Vic, 66, spends most of his time in the maintenance shop or out in the field, where he has built everything from walkways to RV sites for refuge employees.
Over the years, Vic has been certified by the Fish and Wildlife Service as a heavy equipment operator.
That gives him access to a lot of “big toys,” Paula said.
Right now, Vic is working on a solar-powered pump he helped mount to a trailer so it can be used to irrigate plant restoration projects across the refuge.
They each receive a stipend of $10 for every eight hours they work. The job also comes with a full hook-up for their trailer and access to a washer and dryer, extra refrigerator space and an Internet connection after hours.
On some nights, the Booths have the entire refuge to themselves. They like the peace and quiet.
“We went into Las Vegas for a show,” Vic said. “God, what a noisy place!”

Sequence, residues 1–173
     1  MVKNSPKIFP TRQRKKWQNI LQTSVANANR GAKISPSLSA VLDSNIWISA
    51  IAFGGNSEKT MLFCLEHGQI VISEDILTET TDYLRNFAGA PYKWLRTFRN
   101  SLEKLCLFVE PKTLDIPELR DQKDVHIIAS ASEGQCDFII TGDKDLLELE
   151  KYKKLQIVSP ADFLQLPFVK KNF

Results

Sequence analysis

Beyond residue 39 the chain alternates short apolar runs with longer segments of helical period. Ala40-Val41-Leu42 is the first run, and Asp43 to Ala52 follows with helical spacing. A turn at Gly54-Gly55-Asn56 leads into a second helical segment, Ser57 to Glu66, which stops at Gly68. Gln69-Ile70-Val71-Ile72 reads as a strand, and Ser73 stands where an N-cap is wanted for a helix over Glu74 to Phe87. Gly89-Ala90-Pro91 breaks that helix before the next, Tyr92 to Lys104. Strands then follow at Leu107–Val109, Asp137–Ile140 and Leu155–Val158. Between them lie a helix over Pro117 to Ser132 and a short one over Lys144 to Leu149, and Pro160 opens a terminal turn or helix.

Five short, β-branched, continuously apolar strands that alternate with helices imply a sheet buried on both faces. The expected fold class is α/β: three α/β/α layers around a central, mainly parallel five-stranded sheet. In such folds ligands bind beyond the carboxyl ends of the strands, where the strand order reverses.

Their winter home is their 33-foot Holiday Rambler travel trailer with maybe 250 square feet of living space inside.
Compared to their 3,500- square-foot farmhouse back in New York, the trailer is a breeze to clean, Paula said.
“It’s just like being home. We’ve got everything we need,” Vic said.
The Booths bought their first travel trailer in 1997 and hit the road in 1999, when Vic retired after 32 years with Hewlett-Packard.
“For the first two years, we were just nomads,” Paula said.
After discovering the practice by accident while surfing the Internet one day, they spent their first winter as resident volunteers at Big Bend Ranch State Park, a remote patch of almost 470 square miles along the Rio Grande in West Texas.
They were 25 miles from the nearest paved road and about five hours from the nearest traffic light, at least on the U.S. side of the border. “If the wind’s not blowing, you hear your heart beating. You hear your breathing. There’s no noise,” Paula said.
They liked it so much, they spent two more winters there.
In between, they spent a week at Kitty Hawk, N.C., where they camped and volunteered during the centennial celebration of the Wright brothers’ first flight.